Jes Hathaway is the editor in chief of National Fisherman magazine and NationalFisherman.com.
Written by Jes Hathaway
Thursday, 06 December 2012
It sounds like the spawning grounds for Frankenfish are expected to dry up in January.
Massachusetts-based Aquabounty is crying foul over Food and Drug Administration delays in the company's approval process for genetically modified salmon.
Welcome to the world of fishery management, Aquabounty!
OK, OK, so they're dealing with the FDA. But it's the same deal, isn't it?
You want to make a change in your business, but it has to go through the long process of government approval. In the meantime, you may have to shut down completely.
Fishermen on every coast have faced the same fate. Just because you've poured money into manipulating nature rather than harvesting her bounty doesn't make you a special case. Well, it does, but probably not in the way you'd hoped.
In the meantime, all of this delay has some scientists worried that an Aquabounty failure would discourage investments in animal biotechnology.
Again, this is par for the course when it comes to introducing potentially hazardous food sources to the mainstream. Also, I'm not seeing the downside.
We've recently seen reversals on Canadian recommendations for salmon net pens. That technology was once heralded as a great scientific advancement. But it turned out to be infectious. Again, not in the way it was intended.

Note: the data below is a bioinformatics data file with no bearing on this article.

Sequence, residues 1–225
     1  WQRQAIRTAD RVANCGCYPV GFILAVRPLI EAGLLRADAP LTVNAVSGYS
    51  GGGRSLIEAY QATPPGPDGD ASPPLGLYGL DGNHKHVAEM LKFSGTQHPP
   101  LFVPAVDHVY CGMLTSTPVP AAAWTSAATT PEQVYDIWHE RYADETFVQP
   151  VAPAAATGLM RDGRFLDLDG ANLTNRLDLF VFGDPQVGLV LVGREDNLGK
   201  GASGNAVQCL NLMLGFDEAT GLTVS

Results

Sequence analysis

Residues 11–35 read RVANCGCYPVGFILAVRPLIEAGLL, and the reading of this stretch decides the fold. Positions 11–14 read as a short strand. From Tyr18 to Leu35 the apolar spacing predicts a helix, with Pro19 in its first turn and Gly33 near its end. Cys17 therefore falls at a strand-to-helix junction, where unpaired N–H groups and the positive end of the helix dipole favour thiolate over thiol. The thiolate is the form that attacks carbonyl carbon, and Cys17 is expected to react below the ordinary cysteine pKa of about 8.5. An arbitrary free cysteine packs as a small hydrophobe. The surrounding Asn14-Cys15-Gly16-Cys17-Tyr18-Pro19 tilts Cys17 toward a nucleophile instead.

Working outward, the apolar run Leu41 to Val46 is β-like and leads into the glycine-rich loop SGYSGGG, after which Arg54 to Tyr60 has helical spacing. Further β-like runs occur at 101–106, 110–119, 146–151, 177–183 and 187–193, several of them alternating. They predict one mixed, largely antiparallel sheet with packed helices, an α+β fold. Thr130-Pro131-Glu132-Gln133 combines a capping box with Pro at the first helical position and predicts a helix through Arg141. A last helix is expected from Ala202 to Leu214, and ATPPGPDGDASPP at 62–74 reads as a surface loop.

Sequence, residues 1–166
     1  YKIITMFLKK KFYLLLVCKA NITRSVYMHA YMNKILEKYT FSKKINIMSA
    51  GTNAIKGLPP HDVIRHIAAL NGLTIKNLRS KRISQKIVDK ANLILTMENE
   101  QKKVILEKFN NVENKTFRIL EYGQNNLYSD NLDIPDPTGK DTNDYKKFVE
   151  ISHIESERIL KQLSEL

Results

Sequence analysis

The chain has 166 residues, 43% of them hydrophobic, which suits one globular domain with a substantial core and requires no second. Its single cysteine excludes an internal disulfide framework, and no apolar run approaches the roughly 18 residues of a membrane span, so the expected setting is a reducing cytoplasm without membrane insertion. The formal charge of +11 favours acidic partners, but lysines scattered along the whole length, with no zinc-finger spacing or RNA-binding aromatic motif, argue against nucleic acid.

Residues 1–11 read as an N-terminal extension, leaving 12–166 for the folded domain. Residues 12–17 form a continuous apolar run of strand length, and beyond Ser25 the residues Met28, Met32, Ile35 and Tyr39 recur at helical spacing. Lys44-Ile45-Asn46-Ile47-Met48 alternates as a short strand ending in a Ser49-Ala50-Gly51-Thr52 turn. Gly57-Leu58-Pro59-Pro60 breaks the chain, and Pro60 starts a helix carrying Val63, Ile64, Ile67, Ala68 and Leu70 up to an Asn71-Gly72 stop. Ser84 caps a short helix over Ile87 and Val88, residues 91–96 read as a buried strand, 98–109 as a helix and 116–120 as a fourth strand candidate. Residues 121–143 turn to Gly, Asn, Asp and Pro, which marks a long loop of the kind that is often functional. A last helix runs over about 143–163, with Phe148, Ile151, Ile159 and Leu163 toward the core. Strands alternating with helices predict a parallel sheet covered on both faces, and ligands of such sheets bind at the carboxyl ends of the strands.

Maybe in this case the blessing of slow-grinding government wheels is that we get a window for hindsight before making a potentially disastrous first step.
NMFS recently released a draft action plan for fish discard and release mortality science, creating a list of actions that they hope can better inform fisheries.
We know that fishermen have to deal with bycatch by discarding or releasing unwanted catch overboard, but there is a data gap regarding how those fish survive.Read more...
A new study has identified a set of features common to all ocean ecosystems that provide a visual diagnosis of the health of the underwater environment coastal communities rely on.
Together, the features detail cumulative effects of threats -- such as overfishing, pollution, and invasive species, allowing responders to act faster to increase ocean resiliency and sustainability.Read more...